Many people believe that this competition did not survive the collapse of the Soviet Union, which brought an end to the Cold War – yet the ideological struggle between liberal democracy and authoritarianism did not begin with the Cold War, nor did it end with the collapse of communism. The United States was seen as a champion of liberal values and an opponent of authoritarianism from the moment it rebelled against Great Britain in 1776. It was a beacon of hope for 19th Century European liberals, and it has continued to represent liberal values even after the fall of communism, as people fighting against the world’s many remaining authoritarian regimes have looked to this country for political support and moral solidarity.
The recent global backlash against liberal democracy underlines the continuing importance of NED’s work to the future of freedom in the world. While democracy faces greater dangers than at any time since NED was established more than three decades ago, its continuing resilience shows that these dangers can be addressed and overcome.
The world has reached a fateful juncture. The retreat of democracy could lead to a new era of turmoil and tyranny. Yet democratic renewal is also possible, though it is hard to see how that can happen without the recovery of political will, purpose, and self-confidence in the world’s leading democracies. NED cannot single-handedly determine the outcome of the historic contest that is now underway between democracy and authoritarianism, but it can influence the course of events by empowering frontline democrats and amplifying their voice and impact. This is NED’s mission – supporting the universal aspiration for freedom that both advances America’s national interest and fulfills its highest political ideals. It has never been more important than it is today.
President’s Letter cover image: Carl Gershman is shown speaking at a NED event.
Annual Report front cover image: Sierra Leone’s Zainab Bangura addresses the 20th anniversary celebration of the World Movement for Democracy in Kuala Lumpur, Malaysia in 2019.
Year in Review
In 2019, the National Endowment for Democracy (NED) awarded a record 1,684 grants in 97 countries. NED complemented this robust program with an exciting array of events and activities that leveraged and enhanced the work of NED grantees. Through public events, publications, fellowships, and networking opportunities, NED made the most of its resources to advance democracy on multiple fronts.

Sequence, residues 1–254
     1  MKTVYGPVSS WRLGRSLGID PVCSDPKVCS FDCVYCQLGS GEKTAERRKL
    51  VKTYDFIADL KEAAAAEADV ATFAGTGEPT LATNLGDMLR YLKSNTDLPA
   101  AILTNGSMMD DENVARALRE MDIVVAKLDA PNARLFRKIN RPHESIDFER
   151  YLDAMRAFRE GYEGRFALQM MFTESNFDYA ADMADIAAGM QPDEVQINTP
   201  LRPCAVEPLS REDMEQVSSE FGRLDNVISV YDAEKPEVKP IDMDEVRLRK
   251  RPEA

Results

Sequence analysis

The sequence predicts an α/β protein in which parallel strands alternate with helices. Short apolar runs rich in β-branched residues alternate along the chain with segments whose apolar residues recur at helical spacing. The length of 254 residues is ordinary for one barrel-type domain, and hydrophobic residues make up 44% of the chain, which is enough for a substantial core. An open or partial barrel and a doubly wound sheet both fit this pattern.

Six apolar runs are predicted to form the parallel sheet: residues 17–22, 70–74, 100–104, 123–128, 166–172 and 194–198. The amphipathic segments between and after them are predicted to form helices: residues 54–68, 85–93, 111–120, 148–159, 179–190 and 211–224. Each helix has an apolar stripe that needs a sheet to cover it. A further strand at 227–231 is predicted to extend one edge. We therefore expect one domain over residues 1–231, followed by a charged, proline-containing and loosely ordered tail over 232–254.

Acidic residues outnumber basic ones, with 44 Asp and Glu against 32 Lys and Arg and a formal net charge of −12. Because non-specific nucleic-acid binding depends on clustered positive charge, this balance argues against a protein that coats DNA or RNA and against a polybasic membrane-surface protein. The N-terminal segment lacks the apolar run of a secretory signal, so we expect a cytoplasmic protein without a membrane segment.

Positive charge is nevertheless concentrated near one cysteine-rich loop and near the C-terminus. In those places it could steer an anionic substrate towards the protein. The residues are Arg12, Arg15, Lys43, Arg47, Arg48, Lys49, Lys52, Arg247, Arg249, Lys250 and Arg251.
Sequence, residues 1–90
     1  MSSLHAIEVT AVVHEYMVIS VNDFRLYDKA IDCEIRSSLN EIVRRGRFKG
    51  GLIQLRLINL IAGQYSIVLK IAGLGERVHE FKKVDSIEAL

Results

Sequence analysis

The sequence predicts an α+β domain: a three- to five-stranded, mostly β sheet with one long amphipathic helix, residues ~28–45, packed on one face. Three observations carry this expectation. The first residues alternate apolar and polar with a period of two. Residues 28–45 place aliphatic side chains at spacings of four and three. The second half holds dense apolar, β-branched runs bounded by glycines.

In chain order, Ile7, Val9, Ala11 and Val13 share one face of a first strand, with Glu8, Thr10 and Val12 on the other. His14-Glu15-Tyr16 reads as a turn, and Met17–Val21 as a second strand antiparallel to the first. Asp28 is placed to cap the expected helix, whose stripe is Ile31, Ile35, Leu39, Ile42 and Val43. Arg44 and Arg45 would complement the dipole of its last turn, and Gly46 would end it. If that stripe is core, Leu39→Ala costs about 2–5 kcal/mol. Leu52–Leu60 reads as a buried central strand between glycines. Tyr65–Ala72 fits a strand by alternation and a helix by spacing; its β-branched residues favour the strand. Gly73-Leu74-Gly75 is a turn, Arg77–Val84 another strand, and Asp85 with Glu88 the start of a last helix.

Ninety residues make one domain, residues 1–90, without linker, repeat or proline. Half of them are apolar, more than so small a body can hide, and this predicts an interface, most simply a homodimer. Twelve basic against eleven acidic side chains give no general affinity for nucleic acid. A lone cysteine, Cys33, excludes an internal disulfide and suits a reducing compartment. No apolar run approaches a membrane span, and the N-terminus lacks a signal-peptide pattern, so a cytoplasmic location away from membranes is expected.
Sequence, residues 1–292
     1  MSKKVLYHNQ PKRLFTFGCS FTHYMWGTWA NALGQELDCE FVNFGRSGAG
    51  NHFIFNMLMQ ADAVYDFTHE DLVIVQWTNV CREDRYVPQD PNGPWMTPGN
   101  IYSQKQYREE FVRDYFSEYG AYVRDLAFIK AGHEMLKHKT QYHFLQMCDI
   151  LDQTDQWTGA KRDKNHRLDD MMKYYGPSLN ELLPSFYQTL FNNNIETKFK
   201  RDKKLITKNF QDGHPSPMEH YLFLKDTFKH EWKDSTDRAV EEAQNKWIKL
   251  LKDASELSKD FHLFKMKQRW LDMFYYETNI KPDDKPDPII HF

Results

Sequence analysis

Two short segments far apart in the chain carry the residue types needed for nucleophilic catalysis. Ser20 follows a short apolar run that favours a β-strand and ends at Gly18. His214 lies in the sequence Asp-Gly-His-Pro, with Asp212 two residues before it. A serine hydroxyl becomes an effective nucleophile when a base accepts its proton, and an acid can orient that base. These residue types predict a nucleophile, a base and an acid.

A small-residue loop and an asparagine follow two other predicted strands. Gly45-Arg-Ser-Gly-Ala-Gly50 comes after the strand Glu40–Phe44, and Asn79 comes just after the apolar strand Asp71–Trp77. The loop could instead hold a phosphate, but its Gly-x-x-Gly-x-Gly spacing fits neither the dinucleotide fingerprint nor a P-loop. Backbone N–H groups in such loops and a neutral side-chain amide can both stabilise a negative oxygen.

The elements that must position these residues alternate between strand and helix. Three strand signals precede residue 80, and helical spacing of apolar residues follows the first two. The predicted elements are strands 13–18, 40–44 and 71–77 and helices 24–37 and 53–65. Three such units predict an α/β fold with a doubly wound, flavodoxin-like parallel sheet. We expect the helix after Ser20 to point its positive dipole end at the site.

Highlights of the year included the annual Democracy Awards honoring defenders of human and religious rights in China, a celebration of the 30-year anniversary of 1989’s democratic breakthroughs featuring a tribute to Lech Wałęsa, the presentation of the Democracy Service Medal to the late Senator John McCain, and the 2019 Lipset Lecture delivered by Alina Mungiu-Pippidi.
NED’s International Forum for Democratic Studies provided incisive research and analysis on the many questions and challenges of democratic development and progress through the publication of the quarterly Journal of Democracy, independent research papers and books, and a wide range of colloquia bringing together experts and activists to explore critical democratic issues. The Forum welcomed activists, journalists, and scholars from around the world as Reagan-Fascell Democracy Fellows, who spend five months at NED conducting independent research and outreach on democratic issues and prospects worldwide. Learn more about the International Forum’s work in 2019.
NED’s Center for International Media Assistance (CIMA) continued to provide thought leadership to strengthen media systems and bolster the essential role that they play in sustaining democracy. CIMA provides knowledge and a platform for discussion needed to improve the effectiveness of support for media development. The Center conducts policy-relevant research on the major issues affecting global media today – in markets, politics, and society – and convenes donors, implementers, academics, journalists, and other stakeholders in the media development community to help them act and collaborate strategically. Learn more about CIMA’s work in 2019.